Content Marketing has been on everyone's lips and for good reason, but there is definitely some debate as to what Content Marketing exactly entails. I read a great article from Marketing Magazine late last year which explored this dilemma. The author, Lauren Quaintance, narrows down Content Marketing into three categories:
- Content that entertains - this refers to the content we see being created by brands for entertainment purposes. It is also known as branded entertainment and is commonly video content.
- Content that inspires - this is the content which uses real people and real life situations to connect with audiences.
- Content that informs - this is the content which provides us with useful information, like the information we find in infographics and articles.
You can start to recognise that everything you see is almost some form of Content Marketing, but inevitably the question of how is Content Marketing not Search Engine Optimisation (SEO) enters left stage. They are different fields within online marketing, and they both heavily rely on the other, however, they cannot be mistaken for the same thing. SEO is arguably far more technical; from onsite optimisation like ALT tags and correct URLS, SEO methods are the unseen components of a successful Content Marketing campaign. Content Marketing is much broader in the sense that it is created for the intent of acquiring and keeping an audience. It is also the front-house aspect of a successful SEO campaign.
In the past, Search Engine Optimisers were able to produce content for one purpose and one purpose only; for Google to be able to crawl and index for specific keywords. It resulted in poorly written content which wasn't designed to make the user's life any easier. Fast forward to now and after several Google algorithm updates and content for SEO purposes has taken on a whole new meaning. Relevant, authentic and genuinely useful content is what Google wants to see, and sites which were ranking on Google's first Search Engine Results Page (SERP) are now no longer to be seen.
You need good content on your website for Google to crawl. The best way to do this is to find long-tail keywords which you want to rank for and creating relevant and genuine content which feature these keywords. Keywords are vital for SEO and Content Marketing to work well. If you want your onsite content to continually deliver traffic, then you have to ensure that content has longevity. Sure, content on trending topics shows you are up to date with industry news, but you need that content there which will last the test of time.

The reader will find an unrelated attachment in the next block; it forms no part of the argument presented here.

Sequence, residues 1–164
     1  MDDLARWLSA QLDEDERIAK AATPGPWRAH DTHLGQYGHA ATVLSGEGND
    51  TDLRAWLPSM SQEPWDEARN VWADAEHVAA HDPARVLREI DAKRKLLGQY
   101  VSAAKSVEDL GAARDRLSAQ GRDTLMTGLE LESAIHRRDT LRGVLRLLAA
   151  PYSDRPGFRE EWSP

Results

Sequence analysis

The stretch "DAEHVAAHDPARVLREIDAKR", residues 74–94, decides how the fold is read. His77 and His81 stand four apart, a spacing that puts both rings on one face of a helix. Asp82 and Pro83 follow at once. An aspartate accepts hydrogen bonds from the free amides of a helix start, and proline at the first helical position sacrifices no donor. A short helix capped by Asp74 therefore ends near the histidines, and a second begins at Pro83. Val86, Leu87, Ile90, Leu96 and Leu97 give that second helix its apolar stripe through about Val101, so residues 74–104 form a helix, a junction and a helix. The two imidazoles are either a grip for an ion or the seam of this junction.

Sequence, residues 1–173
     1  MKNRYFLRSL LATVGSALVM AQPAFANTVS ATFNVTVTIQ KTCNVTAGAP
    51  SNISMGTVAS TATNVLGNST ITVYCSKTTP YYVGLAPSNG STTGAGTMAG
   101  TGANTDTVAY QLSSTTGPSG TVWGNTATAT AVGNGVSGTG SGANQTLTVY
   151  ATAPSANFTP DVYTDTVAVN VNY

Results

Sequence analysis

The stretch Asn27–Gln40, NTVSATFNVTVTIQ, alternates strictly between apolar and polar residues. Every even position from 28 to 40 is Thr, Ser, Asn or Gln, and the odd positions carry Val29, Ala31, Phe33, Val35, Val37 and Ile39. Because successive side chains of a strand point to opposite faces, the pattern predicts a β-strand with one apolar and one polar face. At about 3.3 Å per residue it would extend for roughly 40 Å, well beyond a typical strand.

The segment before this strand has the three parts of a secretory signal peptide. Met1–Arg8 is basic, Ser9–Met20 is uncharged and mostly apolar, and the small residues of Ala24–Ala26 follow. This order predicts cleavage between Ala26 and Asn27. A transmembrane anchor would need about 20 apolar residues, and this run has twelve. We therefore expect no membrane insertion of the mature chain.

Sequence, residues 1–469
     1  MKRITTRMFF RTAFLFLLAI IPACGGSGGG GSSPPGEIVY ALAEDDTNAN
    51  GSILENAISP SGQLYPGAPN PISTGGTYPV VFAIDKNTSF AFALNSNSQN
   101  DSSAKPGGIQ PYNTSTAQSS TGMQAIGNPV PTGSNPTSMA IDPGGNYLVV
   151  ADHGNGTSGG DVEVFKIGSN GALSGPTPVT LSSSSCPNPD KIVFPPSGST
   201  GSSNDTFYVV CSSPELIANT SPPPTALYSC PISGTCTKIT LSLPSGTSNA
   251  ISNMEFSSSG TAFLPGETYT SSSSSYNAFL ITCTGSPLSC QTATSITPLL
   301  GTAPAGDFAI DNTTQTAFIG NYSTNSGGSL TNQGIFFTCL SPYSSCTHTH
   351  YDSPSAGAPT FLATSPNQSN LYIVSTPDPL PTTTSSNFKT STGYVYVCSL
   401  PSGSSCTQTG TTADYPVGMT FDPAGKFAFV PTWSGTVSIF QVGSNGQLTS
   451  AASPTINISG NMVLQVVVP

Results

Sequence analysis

So what are the implications? More content than ever before is being created, which means it is becoming more difficult to have your content seen and read by the people who matter - your customers! We are moving into a mobile future (arguably we are already here) and we can see that not just SEO and good Content Marketing are the only factors we need to take into consideration when it comes to ranking on Google's first SERP and engaging with audiences. How content is displayed is now an important factor and who knows how much this could develop in the future? With Google's roll-out of their mobile optimisation update in April 2015, there is a clear and growing focus on how users engage with content, and how they search for it.
It's an ongoing and changing situation, but one way to keep an eye on the developments of these implications is through the use of Google Analytics and properly tracking and measuring search traffic changes and website bounce rates. For now, the best solution for your business is to ensure your SEO and Content Marketing strategies are working in unison.